Prevention India

Project title: Effective and safe interventions for prevention of malaria in pregnancy in India: an assessment of burden of malaria in pregnancy, the efficacy and implementability of a screening strategy and barriers to scaling up interventions.

A woman breastfeeds her baby while walking down a road near Thol, on the outskirts of Ahmedabad, Gujarat, India.Project Coordinators:
Principal Investigators: Dr Neena Valecha (India) and Prof Daniel Chandramohan (UK) 
Co-Principal investigators: Dr Anupkumar Anvikar (India) and Prof Feiko ter Kuile (UK)

Project Collaborators:
Dr Neelima Mishra (Rourkela, India), Dr B Shahi (Ranchi, India), Ms I Kupfer (UK), C Drakeley (UK) Ms J Bruce, Ms J Webster (UK), Prof B Greenwood (UK)

Study sites:

Ranchi, Jamshedpur, and Rourkela

Available data on the epidemiology of MiP, and efficacy, safety and cost-effectiveness of potential interventions to control MiP in India are inadequate to recommend evidence based policies.Thus, we propose to generate the information needed to develop an evidence-based, effective national MiP control programme. The study aims to determine the efficacy and implementability of intermittent screening and treatment (IST) compared to passive case detection and management (PCD) on the risk of placental malaria and its consequences. This is a cluster randomized, controlled trial with two arms undertaken among pregnant women of all parities. In the control arm (the PCD group), at each focused ANC visit women with a history of fever in the past 48 hourstemperature ≥ 37.5°C will be tested for malaria using a rapid diagnostic test (RDT) and if positive for malaria women will be treated with artesunate (AS) + sulphadoxine pyremithamine (SP).In the intervention arm (IST group), at each focused ANC visit all women will be screened for malaria with an RDT whether a woman has a history of fever or not and if the RDT is positive for malaria women will be treated with AS+SP, as in the control arm.From all women whenever an RDT is done, blood slides and filter paper samples will also be collected for testing for malaria.Women who default the appointment for ANC visits will be followed up at home and encouraged to attend ANC.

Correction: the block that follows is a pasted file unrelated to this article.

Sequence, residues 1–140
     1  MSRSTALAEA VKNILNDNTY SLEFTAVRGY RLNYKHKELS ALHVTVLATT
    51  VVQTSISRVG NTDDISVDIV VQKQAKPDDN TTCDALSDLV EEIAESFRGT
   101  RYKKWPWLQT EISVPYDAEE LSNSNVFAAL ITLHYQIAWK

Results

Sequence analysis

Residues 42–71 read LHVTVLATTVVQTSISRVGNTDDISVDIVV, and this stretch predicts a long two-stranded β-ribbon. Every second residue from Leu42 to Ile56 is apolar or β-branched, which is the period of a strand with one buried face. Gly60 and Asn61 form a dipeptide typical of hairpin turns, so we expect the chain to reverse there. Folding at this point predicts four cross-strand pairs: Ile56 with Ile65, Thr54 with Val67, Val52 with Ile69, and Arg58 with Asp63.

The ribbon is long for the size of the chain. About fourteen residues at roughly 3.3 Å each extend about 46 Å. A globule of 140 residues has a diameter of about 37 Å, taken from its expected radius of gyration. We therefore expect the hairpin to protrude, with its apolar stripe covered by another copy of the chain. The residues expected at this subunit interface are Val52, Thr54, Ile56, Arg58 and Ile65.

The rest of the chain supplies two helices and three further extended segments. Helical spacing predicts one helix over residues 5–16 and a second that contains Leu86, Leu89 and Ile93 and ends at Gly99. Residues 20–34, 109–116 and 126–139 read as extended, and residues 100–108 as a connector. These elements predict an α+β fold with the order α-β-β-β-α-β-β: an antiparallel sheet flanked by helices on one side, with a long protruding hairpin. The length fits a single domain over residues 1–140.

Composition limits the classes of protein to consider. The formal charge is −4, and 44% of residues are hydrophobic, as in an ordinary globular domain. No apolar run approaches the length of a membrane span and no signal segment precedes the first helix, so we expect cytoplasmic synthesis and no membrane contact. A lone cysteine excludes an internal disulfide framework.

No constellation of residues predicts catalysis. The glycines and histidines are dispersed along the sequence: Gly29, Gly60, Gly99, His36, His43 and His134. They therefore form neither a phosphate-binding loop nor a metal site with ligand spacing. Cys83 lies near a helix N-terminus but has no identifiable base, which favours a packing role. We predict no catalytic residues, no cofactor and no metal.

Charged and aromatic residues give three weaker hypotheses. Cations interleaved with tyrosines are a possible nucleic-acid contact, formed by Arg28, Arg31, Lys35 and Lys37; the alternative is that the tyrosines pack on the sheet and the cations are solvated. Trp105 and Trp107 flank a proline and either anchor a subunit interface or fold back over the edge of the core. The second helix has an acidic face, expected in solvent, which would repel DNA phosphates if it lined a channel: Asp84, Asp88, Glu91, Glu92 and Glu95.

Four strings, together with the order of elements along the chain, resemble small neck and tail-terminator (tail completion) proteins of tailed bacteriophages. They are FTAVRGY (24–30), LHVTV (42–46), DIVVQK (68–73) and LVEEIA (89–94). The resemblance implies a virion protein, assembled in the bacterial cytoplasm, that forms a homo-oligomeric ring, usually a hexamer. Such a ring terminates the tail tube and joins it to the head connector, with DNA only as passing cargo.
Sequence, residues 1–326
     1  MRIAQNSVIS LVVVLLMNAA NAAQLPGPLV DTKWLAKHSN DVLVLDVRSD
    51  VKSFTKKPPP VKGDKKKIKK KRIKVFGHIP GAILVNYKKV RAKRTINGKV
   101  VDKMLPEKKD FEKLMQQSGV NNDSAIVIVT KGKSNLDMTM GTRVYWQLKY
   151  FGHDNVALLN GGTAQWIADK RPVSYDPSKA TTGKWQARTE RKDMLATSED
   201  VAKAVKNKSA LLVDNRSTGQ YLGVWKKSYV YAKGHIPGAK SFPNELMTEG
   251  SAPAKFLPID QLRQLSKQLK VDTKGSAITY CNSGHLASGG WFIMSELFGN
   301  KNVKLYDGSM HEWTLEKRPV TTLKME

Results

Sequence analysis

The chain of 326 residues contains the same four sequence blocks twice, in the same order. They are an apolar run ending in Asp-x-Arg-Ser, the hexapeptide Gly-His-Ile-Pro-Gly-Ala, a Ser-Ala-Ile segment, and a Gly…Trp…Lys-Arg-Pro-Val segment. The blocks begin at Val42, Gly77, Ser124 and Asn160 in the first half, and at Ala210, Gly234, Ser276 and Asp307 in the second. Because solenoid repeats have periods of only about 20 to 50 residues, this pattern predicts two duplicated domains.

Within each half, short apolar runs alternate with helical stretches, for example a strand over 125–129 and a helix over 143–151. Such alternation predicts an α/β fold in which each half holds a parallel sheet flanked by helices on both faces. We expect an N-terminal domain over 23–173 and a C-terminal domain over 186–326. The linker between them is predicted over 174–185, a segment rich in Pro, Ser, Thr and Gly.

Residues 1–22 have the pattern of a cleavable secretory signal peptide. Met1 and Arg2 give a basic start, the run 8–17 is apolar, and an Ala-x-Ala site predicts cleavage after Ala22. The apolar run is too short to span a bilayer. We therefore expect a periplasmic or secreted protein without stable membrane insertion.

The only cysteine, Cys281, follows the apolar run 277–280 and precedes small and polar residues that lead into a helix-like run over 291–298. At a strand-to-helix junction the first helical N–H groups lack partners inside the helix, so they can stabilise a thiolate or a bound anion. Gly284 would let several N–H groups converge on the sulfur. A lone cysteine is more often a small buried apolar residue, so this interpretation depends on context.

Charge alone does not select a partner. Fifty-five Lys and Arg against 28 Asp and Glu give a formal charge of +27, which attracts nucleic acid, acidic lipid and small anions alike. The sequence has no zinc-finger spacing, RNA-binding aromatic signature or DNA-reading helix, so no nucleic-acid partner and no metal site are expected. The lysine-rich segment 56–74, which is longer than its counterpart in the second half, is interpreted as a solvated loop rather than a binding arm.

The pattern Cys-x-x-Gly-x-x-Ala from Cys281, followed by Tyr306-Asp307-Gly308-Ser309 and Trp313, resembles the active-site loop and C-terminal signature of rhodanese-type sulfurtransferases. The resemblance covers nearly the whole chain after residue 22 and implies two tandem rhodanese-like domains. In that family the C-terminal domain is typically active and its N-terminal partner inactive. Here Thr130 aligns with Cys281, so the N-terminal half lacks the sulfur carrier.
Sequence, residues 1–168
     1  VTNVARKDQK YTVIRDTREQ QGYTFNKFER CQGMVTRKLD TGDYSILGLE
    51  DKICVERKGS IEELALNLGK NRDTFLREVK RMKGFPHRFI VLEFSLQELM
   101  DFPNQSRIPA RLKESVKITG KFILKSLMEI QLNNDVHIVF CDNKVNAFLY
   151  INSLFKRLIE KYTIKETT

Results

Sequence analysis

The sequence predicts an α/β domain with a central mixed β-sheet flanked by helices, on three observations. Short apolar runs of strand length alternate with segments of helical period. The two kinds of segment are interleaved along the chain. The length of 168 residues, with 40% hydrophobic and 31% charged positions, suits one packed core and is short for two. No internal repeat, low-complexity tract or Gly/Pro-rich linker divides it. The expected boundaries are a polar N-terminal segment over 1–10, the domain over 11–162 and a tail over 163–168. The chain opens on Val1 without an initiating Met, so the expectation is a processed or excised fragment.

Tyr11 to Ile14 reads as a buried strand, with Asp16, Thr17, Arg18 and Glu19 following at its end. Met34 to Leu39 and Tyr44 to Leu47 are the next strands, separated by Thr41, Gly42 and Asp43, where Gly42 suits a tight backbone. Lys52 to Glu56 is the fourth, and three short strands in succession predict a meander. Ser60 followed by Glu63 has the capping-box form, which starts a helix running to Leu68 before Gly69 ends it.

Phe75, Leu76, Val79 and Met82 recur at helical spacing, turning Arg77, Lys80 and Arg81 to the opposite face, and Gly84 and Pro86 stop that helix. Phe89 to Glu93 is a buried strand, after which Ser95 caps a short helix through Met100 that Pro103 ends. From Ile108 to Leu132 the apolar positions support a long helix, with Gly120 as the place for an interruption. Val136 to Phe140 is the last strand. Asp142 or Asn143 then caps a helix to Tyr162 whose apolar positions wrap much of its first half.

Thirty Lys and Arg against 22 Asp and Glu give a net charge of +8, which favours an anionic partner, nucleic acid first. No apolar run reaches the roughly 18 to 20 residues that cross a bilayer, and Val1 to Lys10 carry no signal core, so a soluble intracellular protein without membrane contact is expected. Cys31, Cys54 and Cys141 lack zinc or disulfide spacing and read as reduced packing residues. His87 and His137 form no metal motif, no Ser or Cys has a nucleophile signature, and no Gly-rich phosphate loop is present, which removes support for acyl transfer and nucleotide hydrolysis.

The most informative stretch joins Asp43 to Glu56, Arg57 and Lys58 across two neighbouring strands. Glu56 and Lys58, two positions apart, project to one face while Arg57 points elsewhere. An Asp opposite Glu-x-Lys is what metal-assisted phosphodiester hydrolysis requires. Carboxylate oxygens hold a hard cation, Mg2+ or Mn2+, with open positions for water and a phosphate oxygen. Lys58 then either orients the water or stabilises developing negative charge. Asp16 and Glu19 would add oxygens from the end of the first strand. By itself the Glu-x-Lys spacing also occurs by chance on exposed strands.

The study will be conducted in three sub-districts (Kamdara, Basia and Palkot), Gumla district, Jharkand State in India. The sample size of 3100 women from 31 clusters per arm would have 80% power and 95% precision to detect a 25% difference between the groups assuming that the risk of placental malaria in the PCD group will be 7.5% and the coefficient of variation in the risk of placental malaria between clusters will be <0.1.

This trial started in October 2010 and is expected to be completed by March 2013.